Heart and Vessels

, Volume 27, Issue 6, pp 576–584 | Cite as

Cross-sectional relationship of a Mediterranean type diet to diastolic heart function in chronic heart failure patients

  • Christina Chrysohoou
  • Christos Pitsavos
  • George Metallinos
  • Christos Antoniou
  • Evaggelos Oikonomou
  • Iason Kotroyiannis
  • Apostolis Tsantilas
  • George Tsitsinakis
  • Dimitris Tousoulis
  • Demosthenes B. Panagiotakos
  • Christodoulos Stefanadis
Original Article


Systolic and diastolic functions of both ventricles play a crucial role in the progression of chronic heart failure (CHF). As data about the role of dietary habits in ventricular dysfunction are lacking, we aimed to evaluate the relationship between biventricular diastolic and systolic function and dietary habits in patients with CHF. During 2007, 372 consecutive CHF patients were enrolled. Biventricular systolic and diastolic function was evaluated through echocardiography. Dietary habits were recorded using a food frequency questionnaire, and adherence to a Mediterranean diet was evaluated using the MedDietScore. The MedDietScore was positively correlated with log Smv, left atrial EF and V p, and inversely correlated with log EA and log Emv/Amv levels (p < 0.05). After adjusting for potential confounders, only log E/A levels were inversely associated with the MedDietScore (p < 0.05). Following analysis per specific aliments, the log E/A ratio was inversely associated with fish intake and olive oil use; the log Emv/Amv ratio was inversely associated with fish intake; log Stv was positively associated with fish, olive oil and pasta intake; log LAKE was positively associated with olive oil use and alcohol drinking (all p < 0.05). This study demonstrated, in a cross-sectional design, a potential beneficial effect of a Mediterranean diet on biventricular systolic and diastolic function.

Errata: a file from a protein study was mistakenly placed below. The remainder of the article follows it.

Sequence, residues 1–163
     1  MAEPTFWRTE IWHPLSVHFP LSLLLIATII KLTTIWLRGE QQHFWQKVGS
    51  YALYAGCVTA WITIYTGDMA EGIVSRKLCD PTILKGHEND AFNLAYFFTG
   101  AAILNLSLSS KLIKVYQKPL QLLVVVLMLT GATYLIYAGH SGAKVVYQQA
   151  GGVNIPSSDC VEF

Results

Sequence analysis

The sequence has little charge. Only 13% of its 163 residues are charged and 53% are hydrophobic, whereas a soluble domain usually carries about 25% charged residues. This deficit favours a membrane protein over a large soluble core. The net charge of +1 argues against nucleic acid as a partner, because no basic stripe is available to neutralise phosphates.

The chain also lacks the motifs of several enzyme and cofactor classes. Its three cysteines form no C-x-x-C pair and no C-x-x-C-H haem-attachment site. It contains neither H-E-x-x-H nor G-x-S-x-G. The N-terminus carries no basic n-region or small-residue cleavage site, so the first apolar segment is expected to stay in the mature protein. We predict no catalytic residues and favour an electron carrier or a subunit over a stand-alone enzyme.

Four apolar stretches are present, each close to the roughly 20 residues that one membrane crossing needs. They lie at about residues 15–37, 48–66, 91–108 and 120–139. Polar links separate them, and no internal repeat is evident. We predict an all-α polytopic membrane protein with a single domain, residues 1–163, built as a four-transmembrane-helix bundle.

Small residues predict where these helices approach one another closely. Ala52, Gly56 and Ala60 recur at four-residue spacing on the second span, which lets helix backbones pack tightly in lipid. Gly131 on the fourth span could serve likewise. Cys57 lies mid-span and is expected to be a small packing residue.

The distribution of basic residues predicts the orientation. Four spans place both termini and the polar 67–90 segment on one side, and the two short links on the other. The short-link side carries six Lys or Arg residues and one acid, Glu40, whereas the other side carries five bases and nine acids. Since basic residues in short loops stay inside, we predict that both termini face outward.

Diastolic function Mediterranean diet Echocardiography Tissue Doppler imaging 



The authors would like to thank Ms Christina-Maria Kastorini, MSc, and Ms S. Paspaliari, MSc, for their assistance in dietary data selection.

Conflict of interest

None declared.


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Copyright information

© Springer 2011

Authors and Affiliations

  • Christina Chrysohoou
    • 1
  • Christos Pitsavos
    • 1
  • George Metallinos
    • 1
  • Christos Antoniou
    • 1
  • Evaggelos Oikonomou
    • 1
  • Iason Kotroyiannis
    • 1
  • Apostolis Tsantilas
    • 1
  • George Tsitsinakis
    • 1
  • Dimitris Tousoulis
    • 1
  • Demosthenes B. Panagiotakos
    • 2
  • Christodoulos Stefanadis
    • 1
  1. 1.First Cardiology Clinic, School of MedicineUniversity of AthensAthensGreece
  2. 2.Department of Nutrition and DieteticsHarokopio UniversityAthensGreece

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